This type of angle, as altruistic as MJF intends it to be because of the larger story arc and his belief in the benefits of raising awareness of this type of bullying, just isn’t a good fit for pro wrestling’s environment. It’s best left to books, movies, and TV series where the antisemite is written off in the final chapter and doesn’t just continue to exist in the narrative, shouting a different brand of insults at the next babyface/protagonist/hero he feuds with. This type of issue is better left in the hands of a writing team who vet the entire story with a diverse mix of people who make sure it doesn’t come across, unintentionally, as forwarding or propagating Jewish stereotypes in a way that offsets or undercuts the intended message.
(Pro wrestling also doesn’t have full control of how the story is told on air, because sadly, they can’t rule out fans in a live audience siding with Juice and expressing that. That could lead to further issues AEW didn’t consider when launching this storyline.)
I have saved until the end the biggest reason this angle should have been scratched before Tuesday – because of the horrendous mass murders of Jews in Israel last weekend. Tensions are higher than they’ve been in that part of the world in decades, people are dying every day in battles stemming from those attacks, and threats against Jews have increased around the world as a result.
Continuing with this storyline, even if it was conjured up and planned before the attacks in Israel last weekend, is an egregious error in judgment. It could have significant impact on AEW’s business, especially if our Twitter poll is anywhere near reflective of the larger fanbase, with 60 percent thinking they should stop this right now. Nearly half of those voting in favor of stopping the angle indicated that the storyline shouldn’t only be discontinued, but AEW should apologize for it.
As PWTorch contributor Mike McMahon pointed out on Twitter/X today, pro wrestling promoters have halted storylines that were built around sensitive world issues before. The Muhammad Hassan character debuted more than two years after 9/11 and the character was scrapped after the London bombings. Vince McMahon’s limo blowing up and the implication being he died in the explosion was never mentioned again after the Chris Benoit family tragedy.
People keep bringing up Muhammad Hassan in regards to the Dynamite angle. Not defending the character but there are key differences:
1. He debuted in 2004. Not the Tuesday after 9/11. They did use 9/11, which was gross.
2. The character was scrapped after the London bombings.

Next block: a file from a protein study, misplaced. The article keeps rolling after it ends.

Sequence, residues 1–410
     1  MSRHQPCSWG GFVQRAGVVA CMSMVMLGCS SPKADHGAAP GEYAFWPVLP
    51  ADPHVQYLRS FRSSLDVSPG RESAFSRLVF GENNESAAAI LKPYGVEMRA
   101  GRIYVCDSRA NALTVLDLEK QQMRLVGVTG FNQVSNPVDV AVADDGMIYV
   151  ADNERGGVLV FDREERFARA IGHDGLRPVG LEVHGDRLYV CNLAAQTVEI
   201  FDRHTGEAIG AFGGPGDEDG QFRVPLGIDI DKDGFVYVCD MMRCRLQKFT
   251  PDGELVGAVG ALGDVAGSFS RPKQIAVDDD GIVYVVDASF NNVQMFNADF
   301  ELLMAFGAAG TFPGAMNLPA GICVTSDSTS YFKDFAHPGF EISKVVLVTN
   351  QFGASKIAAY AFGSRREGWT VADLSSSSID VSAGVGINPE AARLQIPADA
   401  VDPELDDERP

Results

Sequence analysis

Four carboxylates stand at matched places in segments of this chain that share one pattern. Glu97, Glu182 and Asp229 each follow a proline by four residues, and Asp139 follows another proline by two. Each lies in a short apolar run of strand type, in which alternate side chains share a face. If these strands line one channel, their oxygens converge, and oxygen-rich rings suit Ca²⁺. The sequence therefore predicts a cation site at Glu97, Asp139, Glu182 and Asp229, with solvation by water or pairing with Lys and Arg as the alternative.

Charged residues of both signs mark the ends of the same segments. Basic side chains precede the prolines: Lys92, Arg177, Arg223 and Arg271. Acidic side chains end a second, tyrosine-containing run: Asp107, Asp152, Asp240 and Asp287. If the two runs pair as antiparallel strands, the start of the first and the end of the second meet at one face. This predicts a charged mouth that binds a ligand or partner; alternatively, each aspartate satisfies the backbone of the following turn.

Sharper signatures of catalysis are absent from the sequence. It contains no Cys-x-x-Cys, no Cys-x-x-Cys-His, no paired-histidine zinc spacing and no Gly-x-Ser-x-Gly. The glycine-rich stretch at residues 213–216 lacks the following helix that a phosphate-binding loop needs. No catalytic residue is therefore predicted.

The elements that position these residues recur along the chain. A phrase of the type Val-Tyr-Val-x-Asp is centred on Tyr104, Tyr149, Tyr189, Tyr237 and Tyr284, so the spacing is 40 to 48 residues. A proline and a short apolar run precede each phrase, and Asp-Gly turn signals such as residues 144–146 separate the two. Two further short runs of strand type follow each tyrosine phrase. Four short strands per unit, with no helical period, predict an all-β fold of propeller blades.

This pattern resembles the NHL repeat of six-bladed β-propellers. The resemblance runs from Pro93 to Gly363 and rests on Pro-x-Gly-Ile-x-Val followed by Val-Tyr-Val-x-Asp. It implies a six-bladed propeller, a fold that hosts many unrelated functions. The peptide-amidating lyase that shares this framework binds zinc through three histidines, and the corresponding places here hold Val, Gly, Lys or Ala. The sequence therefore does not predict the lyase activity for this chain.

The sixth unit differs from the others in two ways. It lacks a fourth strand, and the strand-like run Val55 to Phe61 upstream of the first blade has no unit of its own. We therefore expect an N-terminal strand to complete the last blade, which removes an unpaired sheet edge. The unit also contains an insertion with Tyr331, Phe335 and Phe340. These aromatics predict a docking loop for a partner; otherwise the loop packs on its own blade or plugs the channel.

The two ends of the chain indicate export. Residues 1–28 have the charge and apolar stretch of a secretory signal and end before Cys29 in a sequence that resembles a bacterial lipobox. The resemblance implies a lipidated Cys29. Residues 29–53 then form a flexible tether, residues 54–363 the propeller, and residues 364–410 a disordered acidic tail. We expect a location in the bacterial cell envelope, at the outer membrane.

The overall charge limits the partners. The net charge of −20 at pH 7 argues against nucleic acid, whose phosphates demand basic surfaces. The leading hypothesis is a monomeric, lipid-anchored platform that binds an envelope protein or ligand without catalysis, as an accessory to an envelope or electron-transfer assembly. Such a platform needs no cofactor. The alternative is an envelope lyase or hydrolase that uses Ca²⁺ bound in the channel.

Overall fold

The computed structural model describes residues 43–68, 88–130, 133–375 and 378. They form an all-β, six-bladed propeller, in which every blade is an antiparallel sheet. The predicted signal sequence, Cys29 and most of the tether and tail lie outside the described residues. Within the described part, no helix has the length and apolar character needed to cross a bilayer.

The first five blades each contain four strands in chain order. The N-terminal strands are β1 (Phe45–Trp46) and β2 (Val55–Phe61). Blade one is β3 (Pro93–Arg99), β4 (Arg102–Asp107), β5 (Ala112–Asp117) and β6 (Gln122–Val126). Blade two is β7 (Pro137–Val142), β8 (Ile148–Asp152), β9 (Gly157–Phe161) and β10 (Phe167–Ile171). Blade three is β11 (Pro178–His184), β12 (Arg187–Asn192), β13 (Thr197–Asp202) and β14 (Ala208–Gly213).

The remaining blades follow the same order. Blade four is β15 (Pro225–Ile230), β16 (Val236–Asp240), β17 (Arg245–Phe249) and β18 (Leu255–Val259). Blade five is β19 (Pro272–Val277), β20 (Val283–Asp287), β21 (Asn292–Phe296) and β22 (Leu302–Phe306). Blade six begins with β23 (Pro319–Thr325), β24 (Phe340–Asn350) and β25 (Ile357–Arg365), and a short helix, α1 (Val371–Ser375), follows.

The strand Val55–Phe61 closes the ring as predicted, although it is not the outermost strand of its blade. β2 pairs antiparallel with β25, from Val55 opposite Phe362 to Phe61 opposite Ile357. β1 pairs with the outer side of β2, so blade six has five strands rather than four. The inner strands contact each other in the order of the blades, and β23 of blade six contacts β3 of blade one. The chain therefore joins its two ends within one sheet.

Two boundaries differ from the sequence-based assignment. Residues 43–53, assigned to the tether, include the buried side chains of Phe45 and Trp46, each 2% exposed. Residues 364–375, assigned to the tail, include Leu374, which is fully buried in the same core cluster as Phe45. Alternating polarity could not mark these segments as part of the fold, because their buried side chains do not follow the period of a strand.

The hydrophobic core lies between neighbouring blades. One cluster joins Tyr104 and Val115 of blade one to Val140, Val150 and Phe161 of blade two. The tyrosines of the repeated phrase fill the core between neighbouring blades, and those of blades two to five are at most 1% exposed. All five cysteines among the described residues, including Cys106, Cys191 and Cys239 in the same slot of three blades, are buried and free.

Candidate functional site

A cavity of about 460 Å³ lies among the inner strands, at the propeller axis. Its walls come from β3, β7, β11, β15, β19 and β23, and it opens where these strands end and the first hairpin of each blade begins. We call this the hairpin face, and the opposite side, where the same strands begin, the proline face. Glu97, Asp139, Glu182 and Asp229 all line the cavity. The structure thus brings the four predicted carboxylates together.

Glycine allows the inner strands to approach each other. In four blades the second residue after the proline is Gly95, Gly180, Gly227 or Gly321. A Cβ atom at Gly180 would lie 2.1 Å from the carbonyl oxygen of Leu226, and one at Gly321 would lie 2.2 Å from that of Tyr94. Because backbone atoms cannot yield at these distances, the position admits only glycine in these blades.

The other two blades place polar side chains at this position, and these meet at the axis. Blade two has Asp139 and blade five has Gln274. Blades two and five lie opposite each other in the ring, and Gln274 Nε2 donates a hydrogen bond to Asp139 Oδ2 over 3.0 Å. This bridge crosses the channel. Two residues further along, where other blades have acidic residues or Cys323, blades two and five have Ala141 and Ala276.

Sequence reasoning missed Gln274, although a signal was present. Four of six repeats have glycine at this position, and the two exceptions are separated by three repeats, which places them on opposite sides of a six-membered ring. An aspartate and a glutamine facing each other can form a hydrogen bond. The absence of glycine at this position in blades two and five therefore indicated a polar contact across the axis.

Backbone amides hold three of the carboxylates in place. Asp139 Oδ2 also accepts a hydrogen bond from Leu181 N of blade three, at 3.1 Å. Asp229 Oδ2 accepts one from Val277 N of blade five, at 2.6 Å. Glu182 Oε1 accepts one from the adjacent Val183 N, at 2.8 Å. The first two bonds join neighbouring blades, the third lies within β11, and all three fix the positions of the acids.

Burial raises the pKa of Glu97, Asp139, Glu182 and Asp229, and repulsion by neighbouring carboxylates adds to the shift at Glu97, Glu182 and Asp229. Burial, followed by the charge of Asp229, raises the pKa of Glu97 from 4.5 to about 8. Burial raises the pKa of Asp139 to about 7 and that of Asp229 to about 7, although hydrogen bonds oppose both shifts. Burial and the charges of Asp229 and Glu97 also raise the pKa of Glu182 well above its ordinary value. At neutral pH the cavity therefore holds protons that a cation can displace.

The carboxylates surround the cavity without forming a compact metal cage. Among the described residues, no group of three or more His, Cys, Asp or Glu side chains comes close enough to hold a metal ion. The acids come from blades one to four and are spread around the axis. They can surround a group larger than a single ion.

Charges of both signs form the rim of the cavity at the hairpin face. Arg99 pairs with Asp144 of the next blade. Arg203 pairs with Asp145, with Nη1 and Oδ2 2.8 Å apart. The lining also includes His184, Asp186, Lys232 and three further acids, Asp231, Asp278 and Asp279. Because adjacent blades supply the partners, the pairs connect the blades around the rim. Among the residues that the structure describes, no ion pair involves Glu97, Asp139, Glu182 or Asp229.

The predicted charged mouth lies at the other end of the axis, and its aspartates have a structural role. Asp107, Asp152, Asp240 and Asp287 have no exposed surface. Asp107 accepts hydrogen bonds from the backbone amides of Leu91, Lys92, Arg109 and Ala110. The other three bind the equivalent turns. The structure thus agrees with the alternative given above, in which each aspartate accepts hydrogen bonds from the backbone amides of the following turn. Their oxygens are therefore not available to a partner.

— Mike McMahon (@TorchMcMahon) October 14, 2023
I do want to be clear: An error in judgment doesn’t mean MJF, Tony Khan, and anyone else who went along with this decision on Tuesday or have defended it since have anything but good intentions. I don’t think there’s any anti-Jewish sentiment that went into green-lighting or defending this, although I’m sure that exists, sadly, elsewhere in some defenses of this angle. (Reference: Israel-Hamas fighting sparks fears of hate crimes in U.S.) It’s just a bad call, and the right move is to admit that, apologize, and move forward.
PWTorch columnist Rich Fann and I spoke at length about this, and compared it to the infamous Booker T-Triple H angle, on this week week’s Wade Keller Pro Wrestling Podcasts Flagship episode. Listen HERE.
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Should AEW continue on with the angle where Juice Robinson incorporated antisemitism into his taunts of Jewish babyface MJF? #AEW
— Pro Wrestling Torch (@PWTorch) October 14, 2023
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(Wade Keller is the editor, publisher, and founder of Pro Wrestling Torch and PWTorch.com. He has covered pro wrestling since 1987. He studied journalism and economics in college, interned at a major market broadcast news station (KMSP in Minneapolis/St. Paul), worked at KFAN radio for two years in the 1990s, hosted the “Ultimate Insiders” DVD series with international distribution, hosted the “Wade Keller Pro Wrestling Podcast” on Podcast One and now on Spreaker, and has been a guest on the Steve Austin Podcast dozens of times as an analyst (nobody has been a guest with Austin more times). He has broken major pro wrestling stories in five separate decades and has interviewed some of pro wrestling’s most influential names in their longest insider interviews including Hulk Hogan, Scott Hall, Lou Thesz, Jesse Ventura, Jon Moxley, Jim Ross, Eric Bischoff, Bill Watts, Paul Heyman, Jim Cornette, Goldberg, Steve Austin, Vince McMahon, The Rock, Kevin Nash, and over 100 others including more than a dozen ex-WWE creative team members. He was inducted into the Tragos/Thesz Pro Wrestling Hall of Fame’s Class of 2015 for “Excellence in Wresting on Professional Wrestling” in a class with Beth Phoenix, B.Brian Blair, Greg Wojciechowski, Jim Londos, and Matt Lindland. He continues to cover pro wrestling here at PWTorch.com and on the Wade Keller Pro Wrestling Podcast.)